On June 9, 2017 the IRS issued Rev. Proc. 2017-34, 2017-26 IRB. The purpose of this Rev. Proc. is to simplify the procedure and reduce the cost of obtaining extensions of time to file federal estate tax returns for the sole purpose of electing portability.
Portability of the unused applicable exclusion amount of the first spouse to die was first approved by Congress in 2010. Subsequent regulations provided that the only way to elect portability was to file a complete timely federal estate tax return for the estate of the first spouse to die.
Because of the newness of this requirement, the IRS published a Rev. Proc. that permitted estates of decedent's dying on or before December 31, 2014 to file a federal estate tax return solely to elect portability whether it was timely or not. However, since that date elections have had to be made on a timely filed return. The only exception has been to request a letter ruling that grants an extension of time. Since 2014, the IRS has been flooded with requests for letter rulings requesting extensions that have for the most part been routinely granted. That demand has indicated to the IRS that there is a need for continued relief for estates of decedents wanting to elect portability but which are not otherwise required to file a federal estate tax return. The result is the issuance of this Rev. Proc.
This Rev. Proc. contains a simplified method to obtain an extension of time to elect portability that is available to the estates of decedents having no filing requirement for a period the last day of which is the later of January 2, 2018 or the second anniversary of the decedent's date of death. To obtain relief, the executor of the estate must file a complete and properly prepared Form 706 as described in the regulations on or before the expiration of the above deadlines. Also the executor filing the return must state at the top of the Form 706 that the return is "FILED PURSUANT TO REV. PROC. 2017-34 TO ELECT PORTABILITY UNDER § 2010(c)(5)(A)." In addition to qualify the decedent must have been survived by a spouse, died after December 31, 2010, and been a citizen or resident of the United States on the date of death; the executor must not have been required to file an estate tax return due to the size of the estate; and the executor must not have timely filed an estate tax return. If it is subsequently determined that the estate exceeded the size requiring the filing of an estate tax return, the grant of an extension under this revenue procedure will be deemed to be null and void.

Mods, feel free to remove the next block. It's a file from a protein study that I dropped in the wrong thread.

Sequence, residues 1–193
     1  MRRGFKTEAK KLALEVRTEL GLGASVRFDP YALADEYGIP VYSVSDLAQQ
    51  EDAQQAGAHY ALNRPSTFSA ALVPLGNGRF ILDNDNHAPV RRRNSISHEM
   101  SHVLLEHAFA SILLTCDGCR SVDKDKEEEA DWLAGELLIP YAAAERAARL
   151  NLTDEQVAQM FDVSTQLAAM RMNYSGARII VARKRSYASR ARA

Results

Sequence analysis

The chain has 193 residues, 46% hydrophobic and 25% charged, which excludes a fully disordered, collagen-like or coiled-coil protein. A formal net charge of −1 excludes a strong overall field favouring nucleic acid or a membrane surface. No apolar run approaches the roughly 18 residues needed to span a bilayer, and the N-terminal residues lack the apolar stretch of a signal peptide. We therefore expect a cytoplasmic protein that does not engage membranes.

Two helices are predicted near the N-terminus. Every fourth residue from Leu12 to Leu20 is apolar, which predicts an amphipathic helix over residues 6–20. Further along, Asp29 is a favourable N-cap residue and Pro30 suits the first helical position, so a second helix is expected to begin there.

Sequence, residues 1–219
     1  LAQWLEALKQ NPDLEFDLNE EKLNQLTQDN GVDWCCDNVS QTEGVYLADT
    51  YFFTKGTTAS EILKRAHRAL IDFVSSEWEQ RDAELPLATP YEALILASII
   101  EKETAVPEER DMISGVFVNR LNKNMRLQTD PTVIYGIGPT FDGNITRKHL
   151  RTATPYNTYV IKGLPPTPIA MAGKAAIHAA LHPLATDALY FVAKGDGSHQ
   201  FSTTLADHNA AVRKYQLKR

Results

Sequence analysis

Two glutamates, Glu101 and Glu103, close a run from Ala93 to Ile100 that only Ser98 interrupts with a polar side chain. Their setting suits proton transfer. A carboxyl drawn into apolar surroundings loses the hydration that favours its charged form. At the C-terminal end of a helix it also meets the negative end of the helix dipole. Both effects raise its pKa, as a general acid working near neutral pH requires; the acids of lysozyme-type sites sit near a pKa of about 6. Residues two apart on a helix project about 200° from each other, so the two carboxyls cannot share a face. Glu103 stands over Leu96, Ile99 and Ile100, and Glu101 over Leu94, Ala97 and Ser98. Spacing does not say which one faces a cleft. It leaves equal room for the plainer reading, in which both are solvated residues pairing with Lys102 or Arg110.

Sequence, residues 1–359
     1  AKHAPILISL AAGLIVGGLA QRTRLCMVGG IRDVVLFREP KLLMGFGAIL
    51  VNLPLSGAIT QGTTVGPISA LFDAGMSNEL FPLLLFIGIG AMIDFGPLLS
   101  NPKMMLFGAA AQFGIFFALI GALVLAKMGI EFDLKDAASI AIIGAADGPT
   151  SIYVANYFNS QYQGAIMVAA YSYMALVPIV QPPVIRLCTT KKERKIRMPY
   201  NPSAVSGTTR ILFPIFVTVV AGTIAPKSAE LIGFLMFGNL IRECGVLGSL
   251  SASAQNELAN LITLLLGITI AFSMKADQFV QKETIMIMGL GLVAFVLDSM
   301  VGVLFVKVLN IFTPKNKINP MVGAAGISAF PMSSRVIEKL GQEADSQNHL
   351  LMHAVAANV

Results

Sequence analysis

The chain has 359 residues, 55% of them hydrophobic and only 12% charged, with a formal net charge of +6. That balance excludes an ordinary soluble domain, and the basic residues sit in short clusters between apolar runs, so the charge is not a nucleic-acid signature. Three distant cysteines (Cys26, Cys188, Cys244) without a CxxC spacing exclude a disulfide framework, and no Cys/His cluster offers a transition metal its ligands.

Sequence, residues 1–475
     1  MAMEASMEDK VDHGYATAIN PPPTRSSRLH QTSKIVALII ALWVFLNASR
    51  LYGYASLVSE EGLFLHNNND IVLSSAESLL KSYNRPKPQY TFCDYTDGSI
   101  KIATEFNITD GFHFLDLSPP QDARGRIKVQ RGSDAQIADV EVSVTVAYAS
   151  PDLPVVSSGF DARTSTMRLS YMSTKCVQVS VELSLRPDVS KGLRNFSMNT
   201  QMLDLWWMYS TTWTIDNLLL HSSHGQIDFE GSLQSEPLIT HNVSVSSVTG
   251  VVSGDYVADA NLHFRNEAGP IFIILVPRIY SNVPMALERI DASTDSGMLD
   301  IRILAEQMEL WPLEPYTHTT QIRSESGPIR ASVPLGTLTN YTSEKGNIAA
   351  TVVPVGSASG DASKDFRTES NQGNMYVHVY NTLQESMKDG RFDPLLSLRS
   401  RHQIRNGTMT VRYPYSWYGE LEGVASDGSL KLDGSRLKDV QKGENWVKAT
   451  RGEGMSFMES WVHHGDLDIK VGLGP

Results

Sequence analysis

This revenue procedure is effective June 9, 2017. Through the later of January 2, 2018 or the second anniversary of a decedent's date of death, it contains the exclusive procedure for obtaining an extension of time to make a portability election. Letter ruling requests will not be accepted and if one is pending on June 9, 2017 the file will be closed and the user fee refunded.
One thing to keep in mind is that an extension of time to file a federal estate tax return in the estate of the first spouse to die to elect portability does not extend the time to file for a credit or refund of federal estate tax paid in the survivor's estate. Thus if the surviving spouse paid gift tax or the estate paid federal estate tax prior to the filing of a federal estate tax return in the estate of the first spouse to die to elect portability, a claim for credit or refund must be timely filed.
In another matter pertaining to portability, the Oklahoma Supreme Court has held that the personal representative of an estate where there is a surviving spouse has a duty to file a federal estate tax return to elect portability. Also an antenuptial agreement is which the spouse relinquished all interests in the other spouse's estate did not bar her from asserting an interest in the portability of DSUE.
With regard to user fees, under IR-2017-102, June 1, 2017, beginning June 15, taxpayers requesting letter rulings, closing agreements and certain other rulings from the IRS will need to make user fee payments electronically using the federal government's Pay.gov system.